Secondary Care, Uncategorized

Birmingham launches single maternity record

A single maternity record system has been launched in Birmingham and Solihull to benefit more than 18,000 women across the region.

The single maternity record will enable clinical information to be shared between the four hospitals run by Birmingham Women’s and Children’s Foundation Trust (BWC) and University Hospitals Birmingham NHS Foundation Trust (UHB), helping to make care safer for women and their babies.

Benefits of the system include a reduction in the duplication of work with staff only needing to input clinical information once. This will also mean women will only be asked for this information once too.

Rachel Carter, Head of Midwifery and Associate Director of Nursing at Birmingham Women’s and Children’s NHS Foundation Trust, said: “We are thrilled that the single maternity record has been launched across our local maternity system and we are confident that it will bring significant advantages to care.”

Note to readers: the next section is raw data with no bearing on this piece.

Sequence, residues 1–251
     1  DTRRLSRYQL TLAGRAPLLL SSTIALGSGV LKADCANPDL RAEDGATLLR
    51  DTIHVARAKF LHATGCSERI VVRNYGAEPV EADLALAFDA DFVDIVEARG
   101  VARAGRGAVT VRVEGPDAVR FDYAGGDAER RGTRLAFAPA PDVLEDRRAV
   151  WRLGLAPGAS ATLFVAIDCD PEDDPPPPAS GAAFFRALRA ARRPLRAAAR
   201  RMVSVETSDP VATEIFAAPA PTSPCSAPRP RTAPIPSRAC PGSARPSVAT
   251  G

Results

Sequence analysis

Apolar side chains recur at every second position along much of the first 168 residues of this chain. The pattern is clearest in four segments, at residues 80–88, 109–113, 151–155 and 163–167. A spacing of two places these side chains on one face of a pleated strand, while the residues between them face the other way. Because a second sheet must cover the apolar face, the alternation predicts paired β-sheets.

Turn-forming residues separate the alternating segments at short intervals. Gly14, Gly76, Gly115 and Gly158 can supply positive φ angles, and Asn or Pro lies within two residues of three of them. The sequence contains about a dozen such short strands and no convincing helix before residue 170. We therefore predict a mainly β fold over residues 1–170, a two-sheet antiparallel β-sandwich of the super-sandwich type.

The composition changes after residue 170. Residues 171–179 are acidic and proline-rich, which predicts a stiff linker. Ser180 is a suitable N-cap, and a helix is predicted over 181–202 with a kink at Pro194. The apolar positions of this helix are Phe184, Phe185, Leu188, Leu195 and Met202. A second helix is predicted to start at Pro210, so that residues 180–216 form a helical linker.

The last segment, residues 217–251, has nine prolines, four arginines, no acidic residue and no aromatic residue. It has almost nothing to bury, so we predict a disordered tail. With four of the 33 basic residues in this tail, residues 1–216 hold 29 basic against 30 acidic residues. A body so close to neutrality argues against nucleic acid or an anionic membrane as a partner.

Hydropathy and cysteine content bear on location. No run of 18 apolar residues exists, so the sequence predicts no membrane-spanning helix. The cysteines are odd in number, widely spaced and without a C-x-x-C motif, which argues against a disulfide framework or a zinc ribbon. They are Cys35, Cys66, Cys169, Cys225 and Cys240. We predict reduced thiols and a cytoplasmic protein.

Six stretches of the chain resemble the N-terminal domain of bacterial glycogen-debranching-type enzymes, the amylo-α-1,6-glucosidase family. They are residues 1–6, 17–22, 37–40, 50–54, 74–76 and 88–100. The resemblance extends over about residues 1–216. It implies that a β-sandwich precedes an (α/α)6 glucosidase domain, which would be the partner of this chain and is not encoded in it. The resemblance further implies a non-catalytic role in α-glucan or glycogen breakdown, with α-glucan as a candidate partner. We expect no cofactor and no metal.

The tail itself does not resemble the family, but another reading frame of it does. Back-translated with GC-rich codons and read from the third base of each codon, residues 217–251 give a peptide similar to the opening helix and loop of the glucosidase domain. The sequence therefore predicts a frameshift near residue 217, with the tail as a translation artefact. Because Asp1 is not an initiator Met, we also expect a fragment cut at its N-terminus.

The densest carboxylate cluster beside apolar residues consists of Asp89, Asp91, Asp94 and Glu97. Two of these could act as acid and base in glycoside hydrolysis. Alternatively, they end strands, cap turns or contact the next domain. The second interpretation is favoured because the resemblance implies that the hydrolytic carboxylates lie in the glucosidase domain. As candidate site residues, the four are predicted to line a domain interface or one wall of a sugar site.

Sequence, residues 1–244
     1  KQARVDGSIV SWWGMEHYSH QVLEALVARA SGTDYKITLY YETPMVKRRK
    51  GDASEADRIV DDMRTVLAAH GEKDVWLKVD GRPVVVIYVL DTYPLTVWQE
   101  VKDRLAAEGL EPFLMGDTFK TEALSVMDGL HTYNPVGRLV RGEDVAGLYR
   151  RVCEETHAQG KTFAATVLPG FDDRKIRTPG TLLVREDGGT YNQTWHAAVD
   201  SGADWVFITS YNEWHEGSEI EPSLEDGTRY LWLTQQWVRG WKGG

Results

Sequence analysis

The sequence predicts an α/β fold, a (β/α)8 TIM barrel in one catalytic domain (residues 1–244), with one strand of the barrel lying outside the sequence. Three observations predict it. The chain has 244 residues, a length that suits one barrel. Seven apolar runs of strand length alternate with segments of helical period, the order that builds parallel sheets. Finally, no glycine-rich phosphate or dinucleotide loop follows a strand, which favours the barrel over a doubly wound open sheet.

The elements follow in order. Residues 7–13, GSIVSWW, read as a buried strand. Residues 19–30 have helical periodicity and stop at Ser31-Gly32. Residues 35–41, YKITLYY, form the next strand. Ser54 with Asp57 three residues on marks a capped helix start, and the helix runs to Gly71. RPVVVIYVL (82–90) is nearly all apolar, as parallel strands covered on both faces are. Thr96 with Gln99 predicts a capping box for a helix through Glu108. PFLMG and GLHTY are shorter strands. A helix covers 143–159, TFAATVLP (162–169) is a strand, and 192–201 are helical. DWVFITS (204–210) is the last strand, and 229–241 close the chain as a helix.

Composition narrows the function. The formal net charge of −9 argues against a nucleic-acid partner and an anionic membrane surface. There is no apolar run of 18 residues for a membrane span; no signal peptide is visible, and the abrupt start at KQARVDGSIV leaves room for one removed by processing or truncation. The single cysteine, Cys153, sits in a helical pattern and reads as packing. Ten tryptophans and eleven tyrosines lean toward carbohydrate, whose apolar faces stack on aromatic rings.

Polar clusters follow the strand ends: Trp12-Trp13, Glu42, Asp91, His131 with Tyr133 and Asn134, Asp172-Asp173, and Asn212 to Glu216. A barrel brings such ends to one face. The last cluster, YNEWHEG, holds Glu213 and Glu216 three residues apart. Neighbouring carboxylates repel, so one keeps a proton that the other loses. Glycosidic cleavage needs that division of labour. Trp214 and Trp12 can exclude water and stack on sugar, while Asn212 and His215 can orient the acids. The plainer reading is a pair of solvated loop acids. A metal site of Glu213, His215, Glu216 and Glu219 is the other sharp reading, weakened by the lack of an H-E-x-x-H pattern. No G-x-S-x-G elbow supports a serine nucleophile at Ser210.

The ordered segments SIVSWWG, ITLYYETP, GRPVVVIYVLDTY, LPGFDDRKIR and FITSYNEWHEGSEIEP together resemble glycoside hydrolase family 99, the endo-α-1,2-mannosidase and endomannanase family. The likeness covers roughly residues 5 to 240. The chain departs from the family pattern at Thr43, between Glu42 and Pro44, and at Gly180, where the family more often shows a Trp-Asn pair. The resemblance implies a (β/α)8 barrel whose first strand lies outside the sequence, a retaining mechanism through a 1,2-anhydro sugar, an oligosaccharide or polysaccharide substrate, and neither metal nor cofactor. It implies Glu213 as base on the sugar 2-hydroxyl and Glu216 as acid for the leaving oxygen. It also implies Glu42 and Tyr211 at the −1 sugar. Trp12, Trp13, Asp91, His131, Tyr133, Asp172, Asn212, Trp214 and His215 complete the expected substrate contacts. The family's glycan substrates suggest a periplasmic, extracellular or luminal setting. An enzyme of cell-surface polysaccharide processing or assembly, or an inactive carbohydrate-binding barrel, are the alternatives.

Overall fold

The launch of the single maternity record will link to GPs and health visitors who have read-only access via a maternity portal and women can access their own information on a secure mobile app.

Sandra Orton, Divisional Director of Operations/Head of Midwifery at University Hospitals Birmingham NHS Foundation Trust, said: “The launch of the single maternity record is great news and shows that working across organisational boundaries reaps rewards.  It is now so much easier for our staff to have all of the information they need to make a clinical decision, at the touch of their fingertips.”

David Melbourne, Senior Responsible Officer for Bump and Deputy Chief Executive of Birmingham Women’s and Children’s NHS Foundation Trust, said: “This initiative will really make a difference to the information that women and their families have.  For GPs, midwifes and obstetricians the information that it will give them across the care pathway will be better and will ensure that care is joined more up, driving better quality and outcomes.”